Governor Rick Snyder of Michigan
The reform is part of the governor's comprehensive plan to reinvent Michigan's educational system that he unveiled in April. The full plan may be read online at www.michigan.gov/snyder.
"Making staffing decisions based on merit and performance encourages good teachers to keep doing what they are doing and helps ensure students receive the highest quality education," Snyder said. "This long overdue reform will protect outstanding teachers who are enthusiastic about the material and able to connect with students in a way that makes them want to learn."
With this reform, it will now take five years for a teacher to qualify for tenure, up from four, although teachers who are rated "highly effective" three years in a row may earn tenure in less time. During the initial probationary period a teacher may be dismissed at any time.
Even after a teacher earns tenure, he or she will have to continue earning effective ratings in order to keep it. School districts will have to notify parents in writing if their child is taught by a teacher who is rated ineffective.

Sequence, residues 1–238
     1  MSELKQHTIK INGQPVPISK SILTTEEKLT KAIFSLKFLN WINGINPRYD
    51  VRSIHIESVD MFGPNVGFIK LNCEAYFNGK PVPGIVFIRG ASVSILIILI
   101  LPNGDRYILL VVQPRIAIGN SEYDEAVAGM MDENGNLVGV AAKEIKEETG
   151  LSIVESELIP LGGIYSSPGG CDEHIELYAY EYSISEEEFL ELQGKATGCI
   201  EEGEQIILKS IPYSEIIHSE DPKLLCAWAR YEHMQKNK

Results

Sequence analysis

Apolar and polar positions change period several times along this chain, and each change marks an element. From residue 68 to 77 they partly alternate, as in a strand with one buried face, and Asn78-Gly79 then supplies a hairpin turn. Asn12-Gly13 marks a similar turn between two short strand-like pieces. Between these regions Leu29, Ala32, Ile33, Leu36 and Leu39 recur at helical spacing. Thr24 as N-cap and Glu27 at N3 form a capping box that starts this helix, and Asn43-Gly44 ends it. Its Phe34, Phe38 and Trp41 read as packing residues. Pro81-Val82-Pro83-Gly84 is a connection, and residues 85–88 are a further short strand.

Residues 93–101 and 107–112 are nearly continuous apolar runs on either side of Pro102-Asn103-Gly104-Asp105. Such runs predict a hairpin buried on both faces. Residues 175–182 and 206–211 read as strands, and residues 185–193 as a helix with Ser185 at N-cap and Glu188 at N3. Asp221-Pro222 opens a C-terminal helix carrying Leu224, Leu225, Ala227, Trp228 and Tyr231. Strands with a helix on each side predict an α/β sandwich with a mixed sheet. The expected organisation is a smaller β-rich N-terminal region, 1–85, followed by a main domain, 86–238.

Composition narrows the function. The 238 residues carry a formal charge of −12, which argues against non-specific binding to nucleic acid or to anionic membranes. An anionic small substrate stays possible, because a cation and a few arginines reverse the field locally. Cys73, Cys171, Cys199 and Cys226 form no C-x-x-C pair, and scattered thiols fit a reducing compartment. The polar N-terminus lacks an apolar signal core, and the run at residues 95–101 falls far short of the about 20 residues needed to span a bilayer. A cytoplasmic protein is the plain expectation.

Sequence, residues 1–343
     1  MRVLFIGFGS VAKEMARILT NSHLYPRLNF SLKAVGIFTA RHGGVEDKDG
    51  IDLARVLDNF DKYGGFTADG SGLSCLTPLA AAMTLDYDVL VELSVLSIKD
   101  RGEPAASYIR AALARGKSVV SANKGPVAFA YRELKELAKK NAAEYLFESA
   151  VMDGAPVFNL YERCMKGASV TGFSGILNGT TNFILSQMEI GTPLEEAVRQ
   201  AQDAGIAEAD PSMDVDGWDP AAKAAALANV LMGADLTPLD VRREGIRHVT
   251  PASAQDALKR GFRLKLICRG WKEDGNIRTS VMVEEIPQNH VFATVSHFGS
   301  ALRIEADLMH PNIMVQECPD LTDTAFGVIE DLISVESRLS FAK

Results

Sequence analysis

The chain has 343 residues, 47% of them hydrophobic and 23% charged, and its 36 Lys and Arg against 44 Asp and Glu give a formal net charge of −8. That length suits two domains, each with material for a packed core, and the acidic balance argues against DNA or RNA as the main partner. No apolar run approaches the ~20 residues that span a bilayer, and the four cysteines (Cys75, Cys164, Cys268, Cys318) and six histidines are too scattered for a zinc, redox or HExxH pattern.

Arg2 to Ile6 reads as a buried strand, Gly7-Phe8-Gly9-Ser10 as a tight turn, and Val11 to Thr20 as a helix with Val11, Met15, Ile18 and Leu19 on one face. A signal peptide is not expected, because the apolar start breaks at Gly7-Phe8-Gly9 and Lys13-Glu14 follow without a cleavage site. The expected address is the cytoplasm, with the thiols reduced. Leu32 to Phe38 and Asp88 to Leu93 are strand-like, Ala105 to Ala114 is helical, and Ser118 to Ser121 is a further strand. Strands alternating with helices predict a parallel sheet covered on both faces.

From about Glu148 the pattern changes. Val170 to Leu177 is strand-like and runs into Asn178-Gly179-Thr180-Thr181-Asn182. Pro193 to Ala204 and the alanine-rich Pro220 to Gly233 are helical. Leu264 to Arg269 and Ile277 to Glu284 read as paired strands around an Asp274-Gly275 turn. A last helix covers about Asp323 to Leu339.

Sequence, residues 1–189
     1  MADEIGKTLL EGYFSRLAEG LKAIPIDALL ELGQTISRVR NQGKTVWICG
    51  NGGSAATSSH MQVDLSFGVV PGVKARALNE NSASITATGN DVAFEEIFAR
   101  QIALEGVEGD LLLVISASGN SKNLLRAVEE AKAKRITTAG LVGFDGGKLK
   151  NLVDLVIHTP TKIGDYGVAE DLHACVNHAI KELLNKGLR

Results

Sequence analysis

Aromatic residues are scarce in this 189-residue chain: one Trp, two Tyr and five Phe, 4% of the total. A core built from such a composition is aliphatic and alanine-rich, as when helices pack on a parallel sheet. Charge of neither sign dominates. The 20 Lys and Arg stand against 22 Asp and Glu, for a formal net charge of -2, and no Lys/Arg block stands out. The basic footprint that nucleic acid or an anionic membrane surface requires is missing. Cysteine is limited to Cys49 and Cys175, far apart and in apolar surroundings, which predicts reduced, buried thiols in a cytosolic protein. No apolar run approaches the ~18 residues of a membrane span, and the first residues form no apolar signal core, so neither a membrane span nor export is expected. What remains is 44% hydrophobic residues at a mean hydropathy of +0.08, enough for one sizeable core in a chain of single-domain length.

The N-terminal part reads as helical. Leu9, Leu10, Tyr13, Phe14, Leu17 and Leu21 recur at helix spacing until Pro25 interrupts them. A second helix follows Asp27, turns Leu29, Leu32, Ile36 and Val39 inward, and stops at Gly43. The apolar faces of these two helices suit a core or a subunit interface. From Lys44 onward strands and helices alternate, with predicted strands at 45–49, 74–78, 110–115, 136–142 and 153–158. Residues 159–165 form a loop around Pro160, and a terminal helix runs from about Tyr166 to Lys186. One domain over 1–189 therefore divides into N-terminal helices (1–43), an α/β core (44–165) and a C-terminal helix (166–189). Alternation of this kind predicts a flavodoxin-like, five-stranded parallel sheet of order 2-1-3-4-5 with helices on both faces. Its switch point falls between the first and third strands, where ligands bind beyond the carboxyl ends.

The legislation also prohibits personnel issues related to layoffs and employee discipline from being subject to union negotiations. Teachers will still be protected from dismissals that are arbitrary or capricious.
House Bills 4625, 4626, 4627 and 4628, sponsored by state Reps. Bill Rogers, Rep. Paul Scott, Margaret O'Brien and Ken Yonker respectively, are now Public Acts 101, 100, 102 and 103 of 2011.
The governor today also signed legislation that will make it easier for school districts to share resources and put more money in the classroom by allowing an Intermediate School District superintendent to serve dual roles by also serving as the superintendent of a local school district. H.B.s 4232, 4233, 4234, sponsored by state Rep. Matt Huuki, are now P.A.s 104 through 106.